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Rick Warren

Obama’s Selection of Rick Warren for Inauguration Incites Criticism

December 19, 2008 01:24 PM
by Christopher Coats
The choice of Pastor Rick Warren to give an invocation at Obama’s inauguration has produced his first real rift within his party, though criticism is hardly relegated to the left.

Warren and Gay Marriage

Eliciting criticism from within his own party and charges of opportunism from opponents, President-elect Barack Obama has been put on the defensive about his choice of Pastor Rick Warren of the Saddleback Church to offer the invocation at his inauguration in January.

Responding to critics this week, the President-elect sought to calm those in his party worried about Warren’s stance on homosexuals, especially concerning the question of marriage in light of the recent success of Proposition 8 in California.

“It is no secret that I am a fierce advocate for equality for gay and lesbian Americans,” Obama told a press conference in Chicago, adding, “It’s important for America to come together, even though we may have disagreements on certain social issues.”

However, opponents of Warren’s inclusion have called the California pastor’s description of Proposition 8 and his broader definition of marriage misleading, and proof enough that he should not lead the invocation.

Echoing a number of gay rights groups across the country, San Francisco Mayor Gavin Newsom expressed frustration that Obama would chose a pastor who had held such a prominent position in the campaign to pass Proposition 8 in November.

“Rick Warren is not someone who has been a champion of gay rights, and the president-elect could not be naive to that, yet he felt that the other attributes outweighed that,” Newsom told the San Francisco Chronicle.

Warren, who is pastor of the 20,000 congregant-strong Saddleback Church in Southern California, is most widely known as the author of the enormously successful book, “The Purpose Driven Life.”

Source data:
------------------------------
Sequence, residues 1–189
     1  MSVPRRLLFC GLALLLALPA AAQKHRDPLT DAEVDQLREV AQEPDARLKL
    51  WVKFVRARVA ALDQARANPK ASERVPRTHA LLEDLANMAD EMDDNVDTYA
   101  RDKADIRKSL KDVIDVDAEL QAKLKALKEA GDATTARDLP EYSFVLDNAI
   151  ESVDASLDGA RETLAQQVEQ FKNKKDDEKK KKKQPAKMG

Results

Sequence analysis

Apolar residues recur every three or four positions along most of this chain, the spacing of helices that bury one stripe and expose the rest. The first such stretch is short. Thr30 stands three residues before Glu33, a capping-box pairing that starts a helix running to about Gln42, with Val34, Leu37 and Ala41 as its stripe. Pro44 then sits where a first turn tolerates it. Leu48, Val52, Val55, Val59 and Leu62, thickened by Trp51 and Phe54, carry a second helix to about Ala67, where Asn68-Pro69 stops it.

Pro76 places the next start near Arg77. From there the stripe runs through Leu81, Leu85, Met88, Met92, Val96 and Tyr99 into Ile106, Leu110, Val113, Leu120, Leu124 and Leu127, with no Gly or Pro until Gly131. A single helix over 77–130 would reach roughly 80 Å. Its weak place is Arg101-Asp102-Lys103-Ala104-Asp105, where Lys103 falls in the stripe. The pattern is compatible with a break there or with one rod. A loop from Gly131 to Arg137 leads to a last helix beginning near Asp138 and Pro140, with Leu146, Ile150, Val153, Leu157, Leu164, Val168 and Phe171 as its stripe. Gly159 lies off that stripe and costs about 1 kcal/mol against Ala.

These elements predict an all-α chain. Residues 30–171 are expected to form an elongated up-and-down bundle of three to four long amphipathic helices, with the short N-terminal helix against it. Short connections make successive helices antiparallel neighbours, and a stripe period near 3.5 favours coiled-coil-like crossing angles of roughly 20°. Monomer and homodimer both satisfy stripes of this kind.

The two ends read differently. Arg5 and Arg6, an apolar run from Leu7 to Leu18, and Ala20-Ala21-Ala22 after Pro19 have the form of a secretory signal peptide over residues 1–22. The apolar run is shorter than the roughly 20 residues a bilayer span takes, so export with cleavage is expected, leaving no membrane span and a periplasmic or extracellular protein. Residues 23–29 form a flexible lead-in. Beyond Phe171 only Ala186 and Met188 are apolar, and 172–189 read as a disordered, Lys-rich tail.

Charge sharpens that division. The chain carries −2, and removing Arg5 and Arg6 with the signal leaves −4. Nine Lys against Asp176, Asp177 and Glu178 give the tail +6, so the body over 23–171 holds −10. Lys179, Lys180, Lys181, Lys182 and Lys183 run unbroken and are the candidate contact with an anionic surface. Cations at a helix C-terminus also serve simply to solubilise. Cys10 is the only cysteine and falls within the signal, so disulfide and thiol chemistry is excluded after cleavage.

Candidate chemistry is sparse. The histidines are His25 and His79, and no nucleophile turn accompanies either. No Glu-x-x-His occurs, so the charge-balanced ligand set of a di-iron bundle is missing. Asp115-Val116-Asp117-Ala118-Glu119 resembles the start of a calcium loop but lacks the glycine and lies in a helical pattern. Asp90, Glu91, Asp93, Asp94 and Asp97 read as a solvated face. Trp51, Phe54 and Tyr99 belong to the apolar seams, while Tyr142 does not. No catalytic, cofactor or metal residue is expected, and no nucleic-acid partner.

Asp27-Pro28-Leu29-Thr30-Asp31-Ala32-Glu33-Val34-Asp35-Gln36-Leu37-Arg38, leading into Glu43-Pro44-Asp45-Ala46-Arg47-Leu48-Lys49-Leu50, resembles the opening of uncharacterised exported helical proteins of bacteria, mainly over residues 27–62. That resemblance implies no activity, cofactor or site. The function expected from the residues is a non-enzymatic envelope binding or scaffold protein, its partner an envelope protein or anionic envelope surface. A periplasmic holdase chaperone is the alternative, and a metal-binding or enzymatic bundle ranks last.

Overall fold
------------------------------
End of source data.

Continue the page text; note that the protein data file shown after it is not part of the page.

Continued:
Although he did not endorse a political candidate during the election, inviting both Barack Obama and John McCain to his church for interviews, Warren was an outspoken advocate of California’s proposition to define marriage.

His staunch support raised the ire of the gay community; a situation made worse in the eyes of many by Obama’s selection.

Offering sharp words for the Obama selection, The Nation’s Sarah Posner remarked, “Warren represents the absolute worst of the Democrats’ religious outreach, a right-winger masquerading as a do-gooder anointed as the arbiter of what it means to be faithful.”

A vocal opponent of Warren’s inclusion, Andrew Sullivan, also found fault in the pastor’s embracing of the “ex-gay movement,” noting that The Saddleback Church hosts Friday evening sessions to help those with “same-sex addictions.”

Reaction: Objections from all sides

However, criticism surrounding the choice of Warren has not been limited to Obama’s party. Anti-abortion conservatives have questioned Warren’s acceptance of Obama’s invitation given the two men’s differing views on abortion.

Citing a slew of e-mails expressing outrage at Warren’s inclusion in the ceremony, the Christian Broadcast Network News reported a growing discontent about the pastor’s willingness to associate with a pro-choice political leader.
Further, AOL Political Machine columnist Matt Lewis suggests that those conservative Christians already wary of Warren’s embrace of more “compassionate” issues such as AIDS relief and fighting global warming could be further alienated from the pastor by his inclusion in the inauguration day ceremonies.

“Some conservatives will also view his presence as a tacit endorsement of Obama’s policies,” Lewis wrote. “Devout pro-Lifer’s will surely object to this, though the counter argument is that it is better to have at least one pro-Life voice whispering in Obama’s ear than to surrender this opportunity for influence.”

Opinion & Analysis: Politics over ideology

Finding fault in criticism from both sides of the isle, Marc Ambinder suggests that Obama’s choice of Warren was more a shrewd political move than ideological statement or sign of future policy decisions given the pastor’s broad appeal.

“Obviously, Obama disagrees with Rick Warren on important issues. He has said so, many times, and publicly,” he wrote in The Atlantic. “And he agrees with him on other important issues. And ignoring something like Warren, a mainstream figure who commands the respect of million of Americans, would be foolish.”

Related Topic

Although Warren has garnered the most attention given his stance on gay marriage, he is not the only religious leader chosen to take part in the inauguration day ceremonies. Rev. Joseph Lowery, the 87-year-old civil rights leader, will offer the event’s benediction.

The retired minister was a vocal supporter of Obama during the election, though he told the Atlanta Journal Constitution that he harbored no desires to work in the White House.

“We have not had any discussions,” Lowery told the paper. “I’m retired.”

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